I’ve run a few social media sessions recently for PR and comms folk working in the voluntary and public sectors. One thing that comes up in discussions with them is how to get the most out of social when it’s just one of the tools in their kit, and time is limited. Talk turns, of course, to low cost tools they can use.
As with most things, you get what you pay for. Even best in class tools such as Google Analytics have their weak spots. However, the tools outlined below are, in my opinion, the best free tools to help you get started with a social media strategy. No one tool will do everything (not even paid ones) so you will need to experiment and find the combination that works best for you.
SocialMention.com – As far as ‘free’ options go, this is a solid as it gets. Alternatives: BoardReader.com (discussion board specific), Addictomatic.com (a general listening dashboard) and PeopleBrowsr.com (big data, big insights).Each of the major social media platforms can be interrogated using a combination of specific tools including: FBsearch.us (Facebook), Monitter.com (location-based Twitter search), TagDef.com (Twitter hashtags), YouTube/KeywordTool (YouTube content optimization tool)
Influencer Research / Identification: This is a much-debated topic thanks to the existence of Klout.com, PeerIndex.net, Kred.ly and the like. While these tools are useful to a degree, the listening tools listed above (when used manually), are just as useful.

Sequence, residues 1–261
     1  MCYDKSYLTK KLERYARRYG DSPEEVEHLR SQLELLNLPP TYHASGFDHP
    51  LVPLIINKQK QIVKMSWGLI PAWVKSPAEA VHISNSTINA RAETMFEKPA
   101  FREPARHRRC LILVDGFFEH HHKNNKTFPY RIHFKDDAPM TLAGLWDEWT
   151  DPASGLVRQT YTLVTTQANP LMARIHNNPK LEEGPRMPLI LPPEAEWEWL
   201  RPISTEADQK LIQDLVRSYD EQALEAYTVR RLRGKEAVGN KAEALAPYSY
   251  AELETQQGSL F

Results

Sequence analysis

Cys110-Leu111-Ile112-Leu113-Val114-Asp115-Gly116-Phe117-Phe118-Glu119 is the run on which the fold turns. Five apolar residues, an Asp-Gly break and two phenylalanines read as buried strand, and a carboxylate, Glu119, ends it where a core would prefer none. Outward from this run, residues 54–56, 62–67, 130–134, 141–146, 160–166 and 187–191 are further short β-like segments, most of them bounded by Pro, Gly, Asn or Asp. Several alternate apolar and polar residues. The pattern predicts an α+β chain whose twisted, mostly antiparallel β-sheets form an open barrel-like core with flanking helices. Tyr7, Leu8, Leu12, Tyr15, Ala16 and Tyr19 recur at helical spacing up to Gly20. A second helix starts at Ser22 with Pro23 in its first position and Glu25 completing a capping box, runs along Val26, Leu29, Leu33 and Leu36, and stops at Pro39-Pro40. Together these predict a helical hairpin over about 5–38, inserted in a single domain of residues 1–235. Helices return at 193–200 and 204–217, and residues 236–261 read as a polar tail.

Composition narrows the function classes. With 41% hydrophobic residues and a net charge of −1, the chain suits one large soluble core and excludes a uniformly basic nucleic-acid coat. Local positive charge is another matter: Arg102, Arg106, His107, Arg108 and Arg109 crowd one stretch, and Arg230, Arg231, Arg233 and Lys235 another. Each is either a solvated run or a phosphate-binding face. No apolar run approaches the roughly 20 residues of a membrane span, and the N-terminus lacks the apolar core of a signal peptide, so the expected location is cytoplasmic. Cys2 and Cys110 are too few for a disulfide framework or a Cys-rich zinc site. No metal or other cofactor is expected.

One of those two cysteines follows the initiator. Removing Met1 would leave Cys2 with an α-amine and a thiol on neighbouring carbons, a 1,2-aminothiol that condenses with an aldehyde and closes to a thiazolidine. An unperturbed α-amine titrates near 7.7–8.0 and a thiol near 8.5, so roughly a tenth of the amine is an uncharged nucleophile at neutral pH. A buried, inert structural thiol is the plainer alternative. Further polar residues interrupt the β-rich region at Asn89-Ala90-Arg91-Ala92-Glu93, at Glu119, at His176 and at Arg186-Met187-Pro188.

There are literally millions of tools and process for discovering relevant content and arranging it online so it can be re-purposed / re-shared. Bo.lt, Trap.it, YourVersion.com and MyCube.com are just a few examples of content curation and discovery tools which you can tailor to suit your needs. en.fooooo.com (video search engine which aggregates results from all the major video platforms
Scheduling: BufferApp.com – A simple way to ‘pace and space’ your updates across multiple social networks.
Google Analytics is the king when it comes to free website insights but lots of other tools can play a role too. StatMyWeb.com is a great all-in-one tools to get a feel for the performance of any website on the planet and SiteTrail.com/analysis/ can track site performance over a time period.
Social media analytics tools
Facebook: In addition to Facebook’s own insight tools, there are third party ones like Booshaka that will help you see who on your page is most engaged, so you can reward and recognise your biggest fans.
YouTube: The YouTube Comments Search tool is worth having in your toolkit to assess community sentiment post-upload.
If you are after a social buzz aggregator, sites like ZoomSphere.com, YourBuzz.com and Unilyzer.com also worth a look. ViralHeat.com provides great insights too and has an extension that provides you with sentiment on any social network page (as reliably as is technically possible).
One thing to keep in mind is that a lot of these tools are free only at the basic level, and will want to upgrade you, so will hold back on giving you all the really useful stuff. If you’re going to pay, there there’s a bunch of options out there. But that’s a topic for another day.